Schizoaffective disorder and schizophrenia share some symptoms and treatments. The main difference is that schizoaffective disorder has a mood compenent, which can involve mania or depression.
Estimates indicate that around 0.3% of the U.S. population is living with schizoaffective disorder, and anywhere from
Although both disorders share some similar features and treatments, having a complete diagnosis can help improve a person’s treatment outcomes and quality of life.
This article reviews the similarities and differences between schizoaffective disorder and schizophrenia.
While schizoaffective disorder and schizophrenia both have their own diagnostic criteria, some
The main difference between the disorders is that schizoaffective disorder needs to have symptoms of a mood disorder in addition to psychotic symptoms for a doctor to make a diagnosis.
Unlike schizoaffective disorder, a diagnosis of schizophrenia also requires that symptoms be present for
A person with schizoaffective disorder will typically need treatment for both psychotic symptoms and a mood disorder.
There are several potential causes of schizoaffective disorder and schizophrenia, but researchers still do not know the exact cause of either condition.
Both schizoaffective disorder and
- Genetics: Both conditions run in families, though a family history of either does not mean a person will inherit the condition.
- Brain structure and chemistry: The structure of an individual’s brain and how it sends signals may influence the development of either condition.
- Drug use: LSD use may increase the risk of schizoaffective disorder, while cannabis use may increase the risk of schizophrenia.
Both conditions can present differently in people.
Given the overlap of schizoaffective disorder and schizophrenia, they can share some common symptoms. These can include:
- hallucinations: seeing or hearing things that do not exist
- delusions: holding false or incorrect beliefs despite contradictory evidence
Schizoaffective disorder may also cause symptoms such as:
- depressed mood
- manic behavior
- disorganized thinking
People living with schizophrenia
- issues with concentration, memory, or attention
- loss of motivation and desire to do things they once enjoyed
- trouble expressing emotions
Schizoaffective disorder and schizophrenia currently have different diagnostic criteria, though many believe schizoaffective disorder is a type of schizophrenia.
For a doctor to diagnose schizoaffective disorder, a person must:
- have symptoms that are not due to misuse of medications or drugs
- experience delusions or hallucinations without a major mood episode for 2 weeks or more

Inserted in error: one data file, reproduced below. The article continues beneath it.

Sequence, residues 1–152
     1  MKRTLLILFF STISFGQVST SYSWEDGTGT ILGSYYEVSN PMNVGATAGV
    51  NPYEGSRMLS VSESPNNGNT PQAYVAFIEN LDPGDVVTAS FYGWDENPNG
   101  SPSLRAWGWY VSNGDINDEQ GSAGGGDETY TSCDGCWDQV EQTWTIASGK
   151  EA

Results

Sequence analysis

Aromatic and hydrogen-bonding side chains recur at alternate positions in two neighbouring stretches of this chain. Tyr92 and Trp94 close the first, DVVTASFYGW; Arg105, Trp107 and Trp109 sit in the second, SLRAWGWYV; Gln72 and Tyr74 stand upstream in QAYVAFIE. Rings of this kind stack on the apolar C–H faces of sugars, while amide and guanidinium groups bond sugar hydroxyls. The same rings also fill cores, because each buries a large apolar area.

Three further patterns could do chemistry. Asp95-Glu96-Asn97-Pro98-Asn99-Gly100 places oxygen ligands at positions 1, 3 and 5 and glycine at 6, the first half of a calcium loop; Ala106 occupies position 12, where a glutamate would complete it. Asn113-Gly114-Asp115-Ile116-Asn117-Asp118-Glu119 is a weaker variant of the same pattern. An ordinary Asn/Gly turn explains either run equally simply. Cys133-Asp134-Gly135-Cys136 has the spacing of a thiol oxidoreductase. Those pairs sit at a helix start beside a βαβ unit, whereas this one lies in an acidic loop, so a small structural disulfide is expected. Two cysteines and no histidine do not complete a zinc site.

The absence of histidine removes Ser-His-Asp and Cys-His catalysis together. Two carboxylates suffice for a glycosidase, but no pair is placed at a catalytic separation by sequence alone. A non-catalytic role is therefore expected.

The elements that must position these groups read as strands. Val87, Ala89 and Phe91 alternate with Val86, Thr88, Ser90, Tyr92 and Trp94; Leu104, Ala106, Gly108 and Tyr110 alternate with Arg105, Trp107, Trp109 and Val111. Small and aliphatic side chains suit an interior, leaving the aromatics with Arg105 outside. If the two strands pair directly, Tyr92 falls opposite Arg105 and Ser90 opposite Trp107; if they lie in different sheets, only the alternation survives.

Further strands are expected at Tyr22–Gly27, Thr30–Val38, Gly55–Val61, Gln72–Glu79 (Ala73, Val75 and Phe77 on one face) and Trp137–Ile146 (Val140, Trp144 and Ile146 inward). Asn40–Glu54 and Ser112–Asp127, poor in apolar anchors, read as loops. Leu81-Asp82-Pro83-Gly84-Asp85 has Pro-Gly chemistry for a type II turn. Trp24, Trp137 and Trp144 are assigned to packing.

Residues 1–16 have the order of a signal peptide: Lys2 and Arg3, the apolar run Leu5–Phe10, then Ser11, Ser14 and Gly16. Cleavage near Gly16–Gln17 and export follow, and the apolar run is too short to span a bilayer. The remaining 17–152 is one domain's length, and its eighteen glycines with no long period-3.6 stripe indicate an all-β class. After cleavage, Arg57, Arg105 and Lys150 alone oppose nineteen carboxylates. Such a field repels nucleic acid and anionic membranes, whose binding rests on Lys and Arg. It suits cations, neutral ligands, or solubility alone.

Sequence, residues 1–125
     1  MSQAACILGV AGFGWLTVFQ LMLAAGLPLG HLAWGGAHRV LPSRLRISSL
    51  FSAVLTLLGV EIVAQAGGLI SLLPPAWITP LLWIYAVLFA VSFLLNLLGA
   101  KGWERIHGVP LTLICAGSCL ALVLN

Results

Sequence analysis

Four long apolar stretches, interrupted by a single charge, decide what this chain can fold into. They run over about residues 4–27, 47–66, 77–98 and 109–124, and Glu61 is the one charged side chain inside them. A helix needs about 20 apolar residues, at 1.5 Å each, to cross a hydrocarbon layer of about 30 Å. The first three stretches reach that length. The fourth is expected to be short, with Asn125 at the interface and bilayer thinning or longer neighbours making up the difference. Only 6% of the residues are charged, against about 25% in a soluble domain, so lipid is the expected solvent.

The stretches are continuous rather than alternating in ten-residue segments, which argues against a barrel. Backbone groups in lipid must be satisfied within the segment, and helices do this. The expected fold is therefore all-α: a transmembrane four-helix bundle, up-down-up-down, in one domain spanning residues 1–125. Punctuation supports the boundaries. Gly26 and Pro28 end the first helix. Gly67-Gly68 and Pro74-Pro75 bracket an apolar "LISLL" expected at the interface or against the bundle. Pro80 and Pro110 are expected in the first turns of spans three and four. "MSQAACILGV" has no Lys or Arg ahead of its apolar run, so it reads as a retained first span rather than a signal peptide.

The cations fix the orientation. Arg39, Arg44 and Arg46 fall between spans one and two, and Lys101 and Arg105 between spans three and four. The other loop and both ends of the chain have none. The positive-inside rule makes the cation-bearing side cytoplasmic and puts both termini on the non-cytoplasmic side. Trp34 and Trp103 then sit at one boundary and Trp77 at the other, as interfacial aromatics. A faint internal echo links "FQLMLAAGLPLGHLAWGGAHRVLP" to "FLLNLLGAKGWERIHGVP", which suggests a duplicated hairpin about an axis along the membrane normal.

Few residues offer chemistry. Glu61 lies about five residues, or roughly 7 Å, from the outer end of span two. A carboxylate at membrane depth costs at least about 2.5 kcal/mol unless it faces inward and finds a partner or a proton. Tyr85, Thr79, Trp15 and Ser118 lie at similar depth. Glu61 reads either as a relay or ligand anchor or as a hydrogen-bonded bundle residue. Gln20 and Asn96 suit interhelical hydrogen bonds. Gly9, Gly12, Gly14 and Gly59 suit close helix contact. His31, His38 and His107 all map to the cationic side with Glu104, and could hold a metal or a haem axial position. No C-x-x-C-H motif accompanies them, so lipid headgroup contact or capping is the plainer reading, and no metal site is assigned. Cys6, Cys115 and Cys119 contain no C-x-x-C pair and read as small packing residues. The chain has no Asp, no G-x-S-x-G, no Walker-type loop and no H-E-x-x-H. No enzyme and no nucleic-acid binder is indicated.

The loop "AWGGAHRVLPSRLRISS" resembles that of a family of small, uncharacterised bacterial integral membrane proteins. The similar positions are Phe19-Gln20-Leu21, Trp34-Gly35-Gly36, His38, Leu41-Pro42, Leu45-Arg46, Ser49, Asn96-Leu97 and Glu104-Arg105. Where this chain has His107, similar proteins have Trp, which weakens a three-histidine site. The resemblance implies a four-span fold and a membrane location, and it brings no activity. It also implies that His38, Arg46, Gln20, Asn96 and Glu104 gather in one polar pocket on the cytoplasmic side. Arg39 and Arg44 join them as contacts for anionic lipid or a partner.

- experience a period during which either mania or depression occurs at the same time as hallucinations or delusions
- have major mood episode symptoms that occur for the majority of the mental health disorder
Diagnosing schizophrenia is often difficult, as factors such as drug use can produce similar symptoms. Additionally, people often do not believe they are living with the condition.
No single lab test or diagnostic test can produce an effective diagnosis.
Instead, a doctor will typically monitor a person’s symptoms for at least 6 months. They will also need to rule out other potential causes of behavior changes, such as a brain tumor.
A doctor can typically diagnose schizophrenia when a person displays two or more of the following:
- negative symptoms
- catatonic or disorganized behavior
- disorganized speech
Both schizoaffective disorder and schizophrenia share similar treatment approaches. A person living with either condition may receive the following treatments:
- medications to address hallucination and delusions
- psychotherapies, such as cognitive behavioral therapy (CBT) or family-focused therapies
- education about their condition and training on management strategies
A person living with schizoaffective disorder will also need treatment for mood disorders, such as depression. This may include medications such as mood stabilizers or antidepressants.
Schizoaffective disorder and schizophrenia can present challenges to a person living with either disorder. For example, many people with schizophrenia do not realize it affects them.
With treatment, a person and their family should notice symptom improvement in either condition.
Some steps a person can take to help reduce their symptoms and improve their quality of life include:
- following their treatment plans
- joining a support group
- taking care of their general well-being, including sleeping on a regular schedule, eating healthy foods, and avoiding alcohol or drug use
- remaining focused on treatment goals
- learning about the disorder
- figuring out warning signs of a return of symptoms
- looking into social services that may help with housing and employment
Schizoaffective disorder and schizophrenia are mental health conditions that share many symptoms and treatments but have their own specific diagnostic criteria.
The main difference between both conditions is the presence of mood disorders in schizoaffective disorder.
With treatment, a person can generally see symptom reduction and improve their quality of life with either condition. However, diagnosis can be a challenge for both conditions.